We have constructed human artificial chromosomes (HACs) by modifying two different yeast artificial chromosomes (YACs) containing human centromeric a satellite DNA with human telomere sequences and putative origins of replication. The resulting HACs (250 and 1000 kb) which contain a neomycin resistance gene (neo r)have been introduced into mammalian cell lines and analyzed for their chromosomal function. Initial studies using fluorescence in situ hybridization (FISH) indicated that the HACs delivered to CHO cells by spheroplast fusion were integrated into the CHO genome. However, centromeric function was suggested for the larger HAC by the presence of a constriction and centromere binding proteins at the site of integration, and by the association of this integrated HAC with the induction of aneuploidy over time. Subsequently, both HACs have been transferred to human cells by liposome-mediated transfection of gel-purified DNA. Extrachromosomal elements containing the introduced a satellite DNA have been identified in neor transfectants generated from each HAC in the absence of integration into the human genome. Preliminary stability assessment indicates that the 1000 kb HAC is stable in the absence of G418 selection through 45 generations. We are currently pursuing these stability studies further. In addition, we are assessing the integrity and structural nature of the HACs compared to the material which we originally introduced into the human cells. Projects underway include (1) the introduction of the HAC into ES cells to generate transgenic mice; (2) developing strategies to transfer the HAC back to yeast for propagation, analysis and comparison to the original HAC; and (3) developing strategies to incorporate potentially therapeutic genes into a functional HAC.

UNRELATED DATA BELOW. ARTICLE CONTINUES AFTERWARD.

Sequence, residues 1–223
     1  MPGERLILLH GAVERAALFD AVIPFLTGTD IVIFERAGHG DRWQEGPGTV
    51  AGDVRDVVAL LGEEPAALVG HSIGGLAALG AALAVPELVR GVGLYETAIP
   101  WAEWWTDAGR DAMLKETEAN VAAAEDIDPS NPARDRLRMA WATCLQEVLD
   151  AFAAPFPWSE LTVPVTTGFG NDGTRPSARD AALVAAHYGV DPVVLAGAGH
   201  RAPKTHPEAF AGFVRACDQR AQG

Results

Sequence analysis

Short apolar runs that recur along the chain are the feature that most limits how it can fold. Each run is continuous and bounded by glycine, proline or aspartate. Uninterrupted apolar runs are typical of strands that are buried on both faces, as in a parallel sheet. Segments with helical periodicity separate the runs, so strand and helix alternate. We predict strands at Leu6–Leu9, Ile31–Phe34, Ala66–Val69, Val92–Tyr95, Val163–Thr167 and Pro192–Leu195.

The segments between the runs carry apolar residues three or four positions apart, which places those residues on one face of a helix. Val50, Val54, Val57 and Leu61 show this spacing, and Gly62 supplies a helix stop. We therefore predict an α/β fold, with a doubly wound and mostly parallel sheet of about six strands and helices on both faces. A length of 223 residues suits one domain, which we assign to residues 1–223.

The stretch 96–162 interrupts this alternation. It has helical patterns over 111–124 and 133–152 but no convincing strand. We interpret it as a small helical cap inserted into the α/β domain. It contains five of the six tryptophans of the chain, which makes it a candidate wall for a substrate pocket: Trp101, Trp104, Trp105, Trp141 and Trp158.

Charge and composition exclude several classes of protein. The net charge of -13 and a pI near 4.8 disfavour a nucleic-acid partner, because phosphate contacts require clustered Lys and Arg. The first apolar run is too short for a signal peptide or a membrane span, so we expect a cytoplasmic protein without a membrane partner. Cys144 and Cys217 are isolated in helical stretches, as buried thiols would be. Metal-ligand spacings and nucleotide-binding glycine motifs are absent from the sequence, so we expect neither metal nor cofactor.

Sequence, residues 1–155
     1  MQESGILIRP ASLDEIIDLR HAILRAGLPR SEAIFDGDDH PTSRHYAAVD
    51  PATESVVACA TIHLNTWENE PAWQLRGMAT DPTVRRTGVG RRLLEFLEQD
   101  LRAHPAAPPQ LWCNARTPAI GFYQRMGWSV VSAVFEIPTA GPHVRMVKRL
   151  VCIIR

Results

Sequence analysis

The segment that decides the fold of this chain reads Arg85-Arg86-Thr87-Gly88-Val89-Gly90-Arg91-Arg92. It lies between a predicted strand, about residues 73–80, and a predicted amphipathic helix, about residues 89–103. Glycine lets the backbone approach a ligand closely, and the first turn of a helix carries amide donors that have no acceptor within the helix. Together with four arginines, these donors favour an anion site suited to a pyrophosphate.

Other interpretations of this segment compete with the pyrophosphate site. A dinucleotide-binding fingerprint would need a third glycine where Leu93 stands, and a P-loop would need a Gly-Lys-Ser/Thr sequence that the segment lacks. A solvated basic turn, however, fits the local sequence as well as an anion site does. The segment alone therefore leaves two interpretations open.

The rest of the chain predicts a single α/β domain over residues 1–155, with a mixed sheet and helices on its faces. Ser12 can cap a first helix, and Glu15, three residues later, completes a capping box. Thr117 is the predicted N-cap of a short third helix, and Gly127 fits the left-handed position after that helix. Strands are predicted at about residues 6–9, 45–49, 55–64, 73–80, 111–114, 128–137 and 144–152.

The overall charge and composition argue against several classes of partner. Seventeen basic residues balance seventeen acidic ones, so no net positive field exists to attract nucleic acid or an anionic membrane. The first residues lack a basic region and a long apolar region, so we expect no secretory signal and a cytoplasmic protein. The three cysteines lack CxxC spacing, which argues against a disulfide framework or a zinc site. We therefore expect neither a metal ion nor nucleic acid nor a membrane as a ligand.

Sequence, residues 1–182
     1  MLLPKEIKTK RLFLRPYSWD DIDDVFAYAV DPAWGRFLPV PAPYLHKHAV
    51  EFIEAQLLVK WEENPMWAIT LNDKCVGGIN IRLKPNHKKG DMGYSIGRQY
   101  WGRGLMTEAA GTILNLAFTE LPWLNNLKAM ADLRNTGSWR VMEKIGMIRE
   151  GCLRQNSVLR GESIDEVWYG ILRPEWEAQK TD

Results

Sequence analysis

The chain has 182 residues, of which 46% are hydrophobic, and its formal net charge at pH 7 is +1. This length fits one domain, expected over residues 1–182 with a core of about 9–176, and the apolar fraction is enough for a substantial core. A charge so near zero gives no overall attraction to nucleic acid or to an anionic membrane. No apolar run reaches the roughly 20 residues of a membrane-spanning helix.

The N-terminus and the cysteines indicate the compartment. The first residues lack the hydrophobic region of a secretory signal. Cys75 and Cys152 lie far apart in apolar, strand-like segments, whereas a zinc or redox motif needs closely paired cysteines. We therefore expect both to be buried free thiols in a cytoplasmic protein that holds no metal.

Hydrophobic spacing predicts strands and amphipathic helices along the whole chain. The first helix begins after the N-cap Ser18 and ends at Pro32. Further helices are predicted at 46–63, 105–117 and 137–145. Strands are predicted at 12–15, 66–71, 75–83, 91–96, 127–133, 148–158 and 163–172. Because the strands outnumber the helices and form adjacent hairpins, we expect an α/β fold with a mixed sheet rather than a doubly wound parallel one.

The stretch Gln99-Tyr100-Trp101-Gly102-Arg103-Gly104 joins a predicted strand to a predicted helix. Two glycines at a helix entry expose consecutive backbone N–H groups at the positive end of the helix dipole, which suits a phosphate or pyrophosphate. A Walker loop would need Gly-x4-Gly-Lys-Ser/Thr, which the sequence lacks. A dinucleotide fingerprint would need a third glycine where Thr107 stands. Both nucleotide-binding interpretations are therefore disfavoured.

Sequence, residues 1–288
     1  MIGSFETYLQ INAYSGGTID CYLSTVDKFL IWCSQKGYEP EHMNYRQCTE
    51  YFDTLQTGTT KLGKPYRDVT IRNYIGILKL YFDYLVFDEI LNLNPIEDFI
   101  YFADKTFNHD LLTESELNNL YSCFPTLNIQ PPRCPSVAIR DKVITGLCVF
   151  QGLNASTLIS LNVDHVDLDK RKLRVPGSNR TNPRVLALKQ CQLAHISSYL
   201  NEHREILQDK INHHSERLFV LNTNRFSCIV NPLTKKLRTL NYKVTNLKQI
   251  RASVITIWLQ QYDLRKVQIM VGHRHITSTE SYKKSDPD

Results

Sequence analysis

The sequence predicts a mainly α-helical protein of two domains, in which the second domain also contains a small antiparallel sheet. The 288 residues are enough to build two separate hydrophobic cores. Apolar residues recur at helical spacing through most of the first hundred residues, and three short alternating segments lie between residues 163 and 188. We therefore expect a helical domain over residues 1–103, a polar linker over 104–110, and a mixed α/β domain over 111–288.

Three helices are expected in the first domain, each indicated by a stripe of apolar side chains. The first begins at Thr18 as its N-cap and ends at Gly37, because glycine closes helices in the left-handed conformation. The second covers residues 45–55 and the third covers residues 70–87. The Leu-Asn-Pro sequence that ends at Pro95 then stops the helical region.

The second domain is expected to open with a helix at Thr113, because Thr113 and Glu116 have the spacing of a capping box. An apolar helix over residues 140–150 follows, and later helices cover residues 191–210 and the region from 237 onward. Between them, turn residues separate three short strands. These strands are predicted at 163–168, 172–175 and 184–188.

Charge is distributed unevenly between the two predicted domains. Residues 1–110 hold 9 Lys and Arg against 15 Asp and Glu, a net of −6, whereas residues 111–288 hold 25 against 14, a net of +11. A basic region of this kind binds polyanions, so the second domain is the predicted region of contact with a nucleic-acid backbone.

National Institute of Health (NIH)
National Human Genome Research Institute (NHGRI)
Intramural Research (Z01)
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National Human Genome Research Institute
United States
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